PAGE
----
Jesus Christ is our righteousness before the Father.
I will speak to the congregation of your faithfulness (from Psalm 40:10).
God is doing wonderful things here at Stone Hill Church. I have asked two people to share about his wondrous deeds in their lives.
Robin Massie: When I was 9 years old, my father died and then my mother and I moved to Austin, TX. I found a special place at First Baptist Church, which had a strong music program. Although I was painfully shy, I felt like I could “open up” more when I was singing.
My mother was grieving deeply and made some poor choices. I was grieving, too. But by God’s grace, I would run to church, throwing myself into singing. I committed my life to Christ soon after we arrived. I had lost my earthly father, so it was very natural for me to place my faith in my real “daddy”.
Throughout my life, my favorite verse is Hebrews 13:5 — “Let your conversation be without covetousness and be content with such things as ye have. For He hath said, ‘I will never leave you, nor forsake you.’” This has been a huge blessing to know that no matter where I go, the Lord is still on His throne and will never let me go. I pray that this will be an encouragement to you, too.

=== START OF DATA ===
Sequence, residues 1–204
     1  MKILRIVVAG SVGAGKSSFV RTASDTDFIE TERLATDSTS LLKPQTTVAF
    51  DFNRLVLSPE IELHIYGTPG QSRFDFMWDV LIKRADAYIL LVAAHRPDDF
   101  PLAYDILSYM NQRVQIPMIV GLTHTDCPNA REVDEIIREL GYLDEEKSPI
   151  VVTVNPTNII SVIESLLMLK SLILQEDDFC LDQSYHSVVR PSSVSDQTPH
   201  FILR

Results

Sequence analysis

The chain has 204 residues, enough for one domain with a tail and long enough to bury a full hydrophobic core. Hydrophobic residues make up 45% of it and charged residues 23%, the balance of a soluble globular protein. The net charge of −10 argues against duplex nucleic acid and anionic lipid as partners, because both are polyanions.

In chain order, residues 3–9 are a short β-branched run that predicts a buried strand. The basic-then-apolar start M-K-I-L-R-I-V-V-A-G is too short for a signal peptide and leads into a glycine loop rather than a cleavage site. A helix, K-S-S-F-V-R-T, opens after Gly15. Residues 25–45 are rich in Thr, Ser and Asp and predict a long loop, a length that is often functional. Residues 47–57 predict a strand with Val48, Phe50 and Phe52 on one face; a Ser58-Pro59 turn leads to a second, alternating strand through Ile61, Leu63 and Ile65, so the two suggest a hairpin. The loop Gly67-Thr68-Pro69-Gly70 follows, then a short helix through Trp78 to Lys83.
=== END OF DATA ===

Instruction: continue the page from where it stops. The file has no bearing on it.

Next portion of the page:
Delonte Harrod: Upon reflection, my friend and I were wrong. We were leaders who had signed a contract not to smoke marijuana or drink that summer. After a week of hearing kids scream, give and receive hugs, we wanted to relax; we thought that was our best outlet.
That summer we were responsible for teaching the Lord’s word to junior high students. But my life was enveloped in savagery. I was a rebel. I mean, a real rebel. You know the one that Jesus talks about in his word. I hated God. I hated life. I hated my life—and I wanted to live a life without God.
That night we dishonored God by misusing his creation to alter our minds. But that night, on a playground, Jesus met with me. I don’t know how it happened. I do know that it happened. The Lord spoke. He revealed all to me (John 4:29). I was convicted; I was paralyzed by shame. In that moment, he was redeeming me, recreating me into something new.